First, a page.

Вы находитесь на странице: 1из 6

The disposable diaper industry

1. Barriers to entry
a. High Cost for machines/setup cost
b. Competition
c. Incumbent advantage high r&d, distribution, masss shipping, low
advertising ( offer retailer low allowance), customer loyalty
d. Economic of scale

Why do you want to enter?

Return, Growth and Risk

Barrier for entry is high since there are a lot of barrier

Economic of scope using the same channel, they can deliver more product

If selling another product it will destroy the company? Why

Differentiation more margin (why not product differentiation?)
Cost leadership low margin
Why no price war in express mail? When should we go for price war
Why P&G follow other companys product?

The Disposable Diaper Industry in 1974

Disposable Diaper Industry 1974

Estimated sales of $370m 1973

Major players Procter & Gamble, Kimberly Clark, Colgate-Palmolives
subsidiary Kendall, Johnson & Johnson, Union Carbide, Scott Paper etc.


Prior to 1966,reusable diapers were the most used form of diapers

P&G led the growth of Disposable Diaper Industry through the acquisition of
the Chairman Paper Company in 1957
Pampers by P&G was the first successful disposable Diaper
Each of the companies were using different technology to develop diapers
Scott Paper -> Two piece principle, Kimberly Clark fluff pulp technology
Though a lot of firms got into the disposable diaper industry, due to explosive
growth many of the firms put an end to some of its products and some of the

firms like Borden, Chicopee had exited the industry all together after
sustaining considerable losses

Product Disposable Diapers

One-piece triangular or rectangular pads with three layers

Outer layer: water proof plastic film, Middle layer: highly absorbent,
cellulose based filler material, Inner layer: hydrophobic layer next to the baby

Variety of Prodcucts
Diaper Variety
Toddler Overnight

Baby Size
Up to 11 or 12 pounds
From 12 to 22 pounds
From 12 to 22 pounds with extra
absorption capacity
Over 22 or 23 pounds
Over 20 pounds with extra absorption

The market standing of a Diaper Brand was based on performance. Any

diaper which performed poorly lost market position


15-20 billion diapers per year US market; grew rapidly after introduction of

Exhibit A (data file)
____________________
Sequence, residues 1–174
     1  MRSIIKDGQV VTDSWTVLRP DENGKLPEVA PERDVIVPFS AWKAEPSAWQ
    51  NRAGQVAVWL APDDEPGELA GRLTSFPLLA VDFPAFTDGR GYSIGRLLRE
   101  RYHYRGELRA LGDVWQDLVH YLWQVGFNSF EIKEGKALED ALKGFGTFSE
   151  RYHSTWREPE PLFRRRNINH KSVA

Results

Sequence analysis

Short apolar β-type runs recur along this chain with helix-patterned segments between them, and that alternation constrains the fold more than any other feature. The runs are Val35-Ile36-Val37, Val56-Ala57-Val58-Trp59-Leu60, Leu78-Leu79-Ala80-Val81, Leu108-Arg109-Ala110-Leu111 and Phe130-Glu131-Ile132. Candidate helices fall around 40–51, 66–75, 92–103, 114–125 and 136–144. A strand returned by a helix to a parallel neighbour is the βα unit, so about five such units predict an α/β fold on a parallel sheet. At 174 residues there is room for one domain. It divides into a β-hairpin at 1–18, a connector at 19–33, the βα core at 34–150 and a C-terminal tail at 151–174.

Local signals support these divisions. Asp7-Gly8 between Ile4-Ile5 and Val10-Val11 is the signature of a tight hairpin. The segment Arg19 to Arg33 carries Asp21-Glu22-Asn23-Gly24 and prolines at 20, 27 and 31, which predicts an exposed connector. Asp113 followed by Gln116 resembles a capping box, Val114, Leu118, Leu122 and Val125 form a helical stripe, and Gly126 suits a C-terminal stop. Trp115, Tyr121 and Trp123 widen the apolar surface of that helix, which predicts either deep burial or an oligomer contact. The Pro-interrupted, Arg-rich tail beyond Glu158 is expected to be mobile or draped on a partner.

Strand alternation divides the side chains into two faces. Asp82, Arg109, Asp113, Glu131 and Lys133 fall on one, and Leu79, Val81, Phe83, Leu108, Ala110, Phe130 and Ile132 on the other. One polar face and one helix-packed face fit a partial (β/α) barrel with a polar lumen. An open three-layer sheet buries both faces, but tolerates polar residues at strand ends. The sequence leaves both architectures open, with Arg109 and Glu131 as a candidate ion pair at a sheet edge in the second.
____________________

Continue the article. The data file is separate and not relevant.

Cost was not a determining factor and parents selected diapers based only on
Factors influencing the growth of the industry
o Increasing number of working mothers
o Better education and decision to postpone having children
o Improvement in quality of disposable diapers
o Better advertisements reaching out to more people
Further growth was expected. Growth a function of forecast births, disposable
diaper penetration and the number of diapers consumed per baby
Increase in number of women of child bearing age to offset the declining
Forecasted penetration of 70-75% of diaper changes by 1980
Usage rate ambiguous- depended on the future product improvements that
might make diaper industry more absorbent


Sales through supermarkets, drugstores and mass merchandisers

Gross margin of 10 to 28% of retail selling price, with a median of around 18

Represented 63% of the sales and 50% of gross profit of baby care products
in supermarkets
Retailers allocated significant shelf space and carried two or more branded
Retailers looked for aggressive support from the manufacturer in the form of
sampling programs, consumer advertising and promotional allowances
Brokers were used to sell the product and some firms had their own sales


Complex and involved a variety of vehicles

o Extensive sampling through hospitals
o Couponing
o Consumer advertising
o Test marketing

The sequence of the manufacturing process can be described as below

Rolls of
fluff fed

pulp in

carried to

Cut into
to plastic

liner and


Diaper Machine Considerations

o Staffed by 4 complete crews
o Operated 80% of the week at the rate of 400 diapers per minute